I use mine for doing crosswords, reading books and newspapers, listening to music and catching up on Facebook. It gets switched on at the same time with my first cup of tea of the day and I keep it close by when watching television and films in case I need to check the other films an actor has been in that I simply can’t remember. My friends of a similar age use theirs when travelling and for the same purposes as I use mine. I am, of course, talking about an iPad or Android tablet. Here’s a short guide to the differences between them.
UK households with a tablet
According to a recent Guardian report the over 50s and toddlers are leading the market for iPads and tablets. They have grown so popular over the last five years, that some 54% of UK households now have at least one of these gadgets, and one in 10 three to four-year olds have one; that’s 11% of that age group. It feels like the iPad has been around for ever, but it actually only launched in 2010, and it was swiftly followed by the Android platform competitors, such as Samsung Galaxy, Amazon Fire and many others that compete very keenly with the Apple iPad on price.
The over 50s tablet ownership
However, while the rise in use of tablets among the toddlers reflects the parental need to keep children occupied and amused during visits to restaurants, for example, or while Mummy or Daddy try to get some domestic chore finished, the statistic that most surprised the Guardian journalist, was the remarkable rise in the use of tablets among the 55+ age group. Our generation is not considered ‘tech-savvy’; frankly, we’re often believed to be a band of Luddites. However, let’s dispel that perception with a sweet statistic: in 2011 only 1% of the 55+ generation owned an iPad or tablet, but in 2015, ownership was a whopping 37%. The next highest group ownership is in the 35-54 age group, which accounts for 64%.
The baby boomers of invention
It just goes to show you that the younger generation doesn’t dominate the technology sector, which is what you’d expect. Perhaps there’s a good reason for the over-50s adoption of the iPad and tablet: our generation invented them. Stefano Hatfield from High50 remarked in an interview that Steve Jobs, Bill Gates and Tim Berners-Lee are all members of the over 50s generation. So, it is thanks to the Baby Boomers that we have all these wonderful gadgets.
Brain waves and tablets
Grant Feller, director of GF-Media, an agency that specialises in digital content for the 50+ audience, has some insider insights into why the over 50s like tablets and iPads. You may be surprised by his analysis; I certainly hadn’t thought of it in this way. He states that we love these gadgets because “we love to move our eyes side to side” when we are taking in information. We learn to write in straight lines from left to right and that’s how we prefer to read, rather than up and down. Our brains don’t love going up and down when we want to assimilate data, so the tablet’s technique of swiping through pages laterally is more pleasurable than scrolling down through a vertical design. I know that I personally can’t stand those websites and often jump off fast and go in search of an easier-to-read website.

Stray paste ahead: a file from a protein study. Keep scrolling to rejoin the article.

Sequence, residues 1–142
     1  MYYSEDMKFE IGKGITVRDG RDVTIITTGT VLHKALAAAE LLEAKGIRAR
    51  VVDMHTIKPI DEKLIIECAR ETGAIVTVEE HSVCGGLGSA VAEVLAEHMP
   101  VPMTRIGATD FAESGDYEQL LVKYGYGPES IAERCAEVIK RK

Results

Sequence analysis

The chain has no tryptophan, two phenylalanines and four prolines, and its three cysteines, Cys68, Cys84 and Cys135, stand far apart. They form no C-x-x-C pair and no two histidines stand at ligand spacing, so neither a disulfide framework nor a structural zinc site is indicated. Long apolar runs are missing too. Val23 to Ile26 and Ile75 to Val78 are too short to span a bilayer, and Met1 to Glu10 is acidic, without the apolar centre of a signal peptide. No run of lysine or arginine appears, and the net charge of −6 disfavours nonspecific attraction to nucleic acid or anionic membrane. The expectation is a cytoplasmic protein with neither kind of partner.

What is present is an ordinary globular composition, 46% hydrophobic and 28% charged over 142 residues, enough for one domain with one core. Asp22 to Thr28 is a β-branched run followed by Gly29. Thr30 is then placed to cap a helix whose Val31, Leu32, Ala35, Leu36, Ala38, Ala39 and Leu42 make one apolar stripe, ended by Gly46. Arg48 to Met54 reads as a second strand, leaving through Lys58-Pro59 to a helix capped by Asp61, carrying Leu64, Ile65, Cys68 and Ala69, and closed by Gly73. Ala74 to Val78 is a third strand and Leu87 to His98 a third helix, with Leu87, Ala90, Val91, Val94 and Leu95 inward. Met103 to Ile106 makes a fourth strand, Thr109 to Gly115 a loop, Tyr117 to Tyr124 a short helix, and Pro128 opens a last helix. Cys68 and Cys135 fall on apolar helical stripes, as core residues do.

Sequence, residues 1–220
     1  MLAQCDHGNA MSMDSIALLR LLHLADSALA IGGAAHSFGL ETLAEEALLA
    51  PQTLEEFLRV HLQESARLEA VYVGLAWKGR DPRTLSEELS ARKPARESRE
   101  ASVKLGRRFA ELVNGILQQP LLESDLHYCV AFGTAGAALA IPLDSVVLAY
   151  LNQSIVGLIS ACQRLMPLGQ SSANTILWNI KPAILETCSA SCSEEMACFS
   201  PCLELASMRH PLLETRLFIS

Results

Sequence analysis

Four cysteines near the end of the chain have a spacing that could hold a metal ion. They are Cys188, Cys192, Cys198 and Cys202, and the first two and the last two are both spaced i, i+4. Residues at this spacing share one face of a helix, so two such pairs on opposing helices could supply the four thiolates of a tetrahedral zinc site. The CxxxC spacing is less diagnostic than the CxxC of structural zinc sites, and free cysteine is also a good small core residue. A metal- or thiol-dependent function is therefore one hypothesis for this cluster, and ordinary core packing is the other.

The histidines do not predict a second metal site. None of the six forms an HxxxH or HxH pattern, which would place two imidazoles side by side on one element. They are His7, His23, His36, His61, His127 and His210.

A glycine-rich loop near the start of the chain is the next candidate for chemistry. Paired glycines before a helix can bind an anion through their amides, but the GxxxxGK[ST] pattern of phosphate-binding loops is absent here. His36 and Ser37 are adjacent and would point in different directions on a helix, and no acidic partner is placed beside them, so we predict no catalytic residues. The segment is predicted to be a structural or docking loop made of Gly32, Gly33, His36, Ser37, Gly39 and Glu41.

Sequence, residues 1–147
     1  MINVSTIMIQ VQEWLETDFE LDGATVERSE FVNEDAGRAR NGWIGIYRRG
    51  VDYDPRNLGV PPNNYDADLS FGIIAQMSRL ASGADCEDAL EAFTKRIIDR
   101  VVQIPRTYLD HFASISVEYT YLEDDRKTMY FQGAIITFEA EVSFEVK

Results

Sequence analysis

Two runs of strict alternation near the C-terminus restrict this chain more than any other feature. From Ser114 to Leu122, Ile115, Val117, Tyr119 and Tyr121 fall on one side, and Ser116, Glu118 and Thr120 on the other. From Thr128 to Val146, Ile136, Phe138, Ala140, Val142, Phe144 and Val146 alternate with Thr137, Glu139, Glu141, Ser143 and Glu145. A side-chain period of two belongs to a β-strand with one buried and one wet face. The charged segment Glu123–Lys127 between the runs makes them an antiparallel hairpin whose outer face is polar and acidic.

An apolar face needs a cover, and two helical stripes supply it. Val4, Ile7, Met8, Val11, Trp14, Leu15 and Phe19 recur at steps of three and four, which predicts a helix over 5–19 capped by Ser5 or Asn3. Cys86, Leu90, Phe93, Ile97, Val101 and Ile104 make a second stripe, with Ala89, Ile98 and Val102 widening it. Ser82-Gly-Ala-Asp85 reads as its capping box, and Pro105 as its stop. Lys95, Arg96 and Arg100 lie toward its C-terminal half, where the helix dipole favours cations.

What do you use your tablet for?
So, what are we using our tablets and iPads for? I have shared my own usage, and it seems that most people my age are using it in a similar way. Some 37% use it for Googling and 60% use it for watching video clips. It is also popularly used for catching up on TV programmes via the BBC iPlayer and ITV Player. We are also using tablets for online shopping.
Bonmarche, a retailer specialising the mature customers says that its online sales have increased by 70% in 2014-2015 and they attribute it to the increase in tablet and iPad device usage. Plus, the online experience on a tablet when compared with a smartphone is simply better. Research from Pew Research Center shows that people over 65 are much more likely to own a tablet than a smartphone. We are also more likely to own an e-reader device than younger people.
Apps for everything
And, let’s not forget the ‘apps’, which are a huge part of the iPad and tablet experience. We love the news apps, and apparently 48% of all mobile device users are getting their news headlines via a news app, compared to only 37% using a laptop or desktop computer. I also like the “Paper Toss” app for silly moments, and there are simply loads more to discover.
I love my tablet and I take it on my travels. It’s the most convenient way to keep in touch and be up-to-date with the world; if you haven’t tried one yet, buy one and add to the 21% of UK households who plan one in the near future, according to Ofcom; you may discover the life-changing effect of “taking the tablet!”
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